Congresswoman Chellie Pingree expressed what many in the room were feeling at Equality Maine’s annual dinner celebration on Saturday night: the function room at the Holiday Inn by the Bay on Spring Street elicits “a little bit of PTSD” for Maine’s gay-rights supporters. After all, the last time the crowd had been together in that room, it was on November 3, under far less celebratory circumstances.

It’s been a tumultuous year for those involved in the struggle for equality. At last year’s Equality Maine awards banquet, state senator Dennis Damon had recently introduced a bill that legalized gay marriage in Maine; advocates were gearing up for what would be a historic and largely uplifting public hearing in Augusta. They rode that high into late spring, when the Legislature passed and the governor signed that bill, making Maine the first state in the union to legalize same-sex marriage through legislative means. We all know what happened next — a divisive referendum campaign that ended on November 3 with 53 percent of Maine voters repealing same-sex couples’ right to marry. It was at the Holiday Inn that night that the No on One campaign and its passionate supporters learned that they’d have to keep waiting.

While Saturday night’s speakers acknowledged the heartbreak of 2009, they didn’t dwell on the negatives. Instead, they recounted their story in their own terms — the No on One campaign was “the best, most well-executed campaign in Maine history,” Equality Maine political director Matt Moonen told the crowd of more than 600. There was bitterness in the air, to be sure — Damon, for one, blasted Portland’s Roman Catholic bishop, Richard Malone, for encouraging his parishes “to pass the plate a second time for hate — I will never forgive him for that,” Damon said to a standing ovation. But for him and everyone else, hope overshadowed anger.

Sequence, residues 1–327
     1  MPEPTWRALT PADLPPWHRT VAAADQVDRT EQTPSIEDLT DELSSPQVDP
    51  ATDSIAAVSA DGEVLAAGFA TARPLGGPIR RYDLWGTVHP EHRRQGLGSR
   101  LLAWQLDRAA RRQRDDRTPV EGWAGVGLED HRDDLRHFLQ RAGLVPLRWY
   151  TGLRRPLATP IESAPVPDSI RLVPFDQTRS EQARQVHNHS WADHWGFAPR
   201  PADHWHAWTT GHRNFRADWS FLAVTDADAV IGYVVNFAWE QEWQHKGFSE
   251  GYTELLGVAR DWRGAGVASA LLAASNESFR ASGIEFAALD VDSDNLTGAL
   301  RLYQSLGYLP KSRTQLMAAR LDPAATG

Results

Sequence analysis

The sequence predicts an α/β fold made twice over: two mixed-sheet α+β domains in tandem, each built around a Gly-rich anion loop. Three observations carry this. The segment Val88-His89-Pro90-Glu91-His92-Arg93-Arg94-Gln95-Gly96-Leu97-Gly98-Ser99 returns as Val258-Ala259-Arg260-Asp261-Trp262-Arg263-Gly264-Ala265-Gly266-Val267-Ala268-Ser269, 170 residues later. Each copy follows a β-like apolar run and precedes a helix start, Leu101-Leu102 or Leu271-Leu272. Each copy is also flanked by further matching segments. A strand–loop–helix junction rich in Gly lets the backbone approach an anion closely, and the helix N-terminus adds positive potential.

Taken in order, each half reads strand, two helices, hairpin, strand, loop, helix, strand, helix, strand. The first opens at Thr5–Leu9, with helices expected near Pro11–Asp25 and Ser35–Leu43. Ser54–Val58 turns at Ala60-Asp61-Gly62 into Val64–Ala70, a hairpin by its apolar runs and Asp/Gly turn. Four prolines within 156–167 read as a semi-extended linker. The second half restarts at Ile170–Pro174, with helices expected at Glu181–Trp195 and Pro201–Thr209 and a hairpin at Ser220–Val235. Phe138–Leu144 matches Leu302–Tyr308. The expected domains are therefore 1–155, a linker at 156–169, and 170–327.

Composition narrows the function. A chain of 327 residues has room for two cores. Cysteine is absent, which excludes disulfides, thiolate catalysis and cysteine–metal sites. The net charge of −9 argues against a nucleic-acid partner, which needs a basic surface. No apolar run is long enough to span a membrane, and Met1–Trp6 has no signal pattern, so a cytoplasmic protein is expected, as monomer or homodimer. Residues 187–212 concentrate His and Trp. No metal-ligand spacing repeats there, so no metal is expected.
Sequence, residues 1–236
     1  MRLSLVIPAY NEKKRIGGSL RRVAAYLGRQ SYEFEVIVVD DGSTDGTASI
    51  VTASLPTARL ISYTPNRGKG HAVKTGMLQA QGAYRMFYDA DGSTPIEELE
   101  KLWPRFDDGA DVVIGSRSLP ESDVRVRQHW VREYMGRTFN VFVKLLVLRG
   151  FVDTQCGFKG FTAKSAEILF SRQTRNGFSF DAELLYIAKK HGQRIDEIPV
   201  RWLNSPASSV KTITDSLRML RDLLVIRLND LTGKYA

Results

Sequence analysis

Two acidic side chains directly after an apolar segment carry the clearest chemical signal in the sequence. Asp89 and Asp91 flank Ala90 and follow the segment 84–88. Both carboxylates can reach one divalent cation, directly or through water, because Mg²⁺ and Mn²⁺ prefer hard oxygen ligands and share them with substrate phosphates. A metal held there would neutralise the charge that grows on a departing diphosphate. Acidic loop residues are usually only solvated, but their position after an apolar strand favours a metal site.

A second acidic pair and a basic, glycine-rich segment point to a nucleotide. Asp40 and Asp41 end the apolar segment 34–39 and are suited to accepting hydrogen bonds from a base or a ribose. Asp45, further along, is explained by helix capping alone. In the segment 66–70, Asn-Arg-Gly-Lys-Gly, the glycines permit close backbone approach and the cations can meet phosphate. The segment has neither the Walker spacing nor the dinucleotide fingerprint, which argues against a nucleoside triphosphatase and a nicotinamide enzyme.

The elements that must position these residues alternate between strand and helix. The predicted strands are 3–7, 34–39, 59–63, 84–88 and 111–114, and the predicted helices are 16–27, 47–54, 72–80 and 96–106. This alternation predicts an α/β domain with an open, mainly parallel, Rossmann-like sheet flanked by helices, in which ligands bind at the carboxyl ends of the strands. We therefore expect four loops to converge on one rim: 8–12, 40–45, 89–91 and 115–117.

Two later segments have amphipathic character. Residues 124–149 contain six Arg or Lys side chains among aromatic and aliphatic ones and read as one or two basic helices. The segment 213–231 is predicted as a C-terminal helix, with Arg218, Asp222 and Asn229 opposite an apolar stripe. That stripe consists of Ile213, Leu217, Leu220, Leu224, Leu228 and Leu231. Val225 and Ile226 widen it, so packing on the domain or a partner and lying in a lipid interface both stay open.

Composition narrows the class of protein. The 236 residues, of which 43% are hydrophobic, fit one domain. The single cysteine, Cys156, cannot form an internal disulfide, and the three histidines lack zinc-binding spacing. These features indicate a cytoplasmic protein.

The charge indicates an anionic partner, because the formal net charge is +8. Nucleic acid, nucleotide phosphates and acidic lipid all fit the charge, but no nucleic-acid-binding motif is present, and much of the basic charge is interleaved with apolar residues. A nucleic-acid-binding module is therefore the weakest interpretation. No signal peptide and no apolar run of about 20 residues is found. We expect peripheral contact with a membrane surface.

Hope in the form of an award for Jimmy Lucibello, an HIV/AIDS activist and educator, who reminded the crowd that doing one’s part can be as simple as offering “a kind word or a non-judgmental smile.” Hope in the form of a new name and a broader mission for the former Religious Coalition for the Freedom to Marry, now the Religious Coalition Against Discrimination, which will work with (former Maine Civil Liberties Union marriage coordinator) organizer Katy Jayne to expand its statewide (read: rural) influence. Hope in the form of a $17,400 donation to the Preble Street Resource Center by Donald Sussman (Pingree’s partner, of North Haven) to make up for what the organization lost when Catholic Charities withdrew its support due to political differences. And hope in the form of a renewed, practical sense of mission, one that focuses on “the moveable middle” — a demographic that believes in equality and fairness for gay people, but doesn’t yet equate marriage with those values.

“It’s hard to know the winning formula when there hasn’t been a winning formula,” said Equality Maine executive director Betsy Smith. But the equation is closer to being solved.
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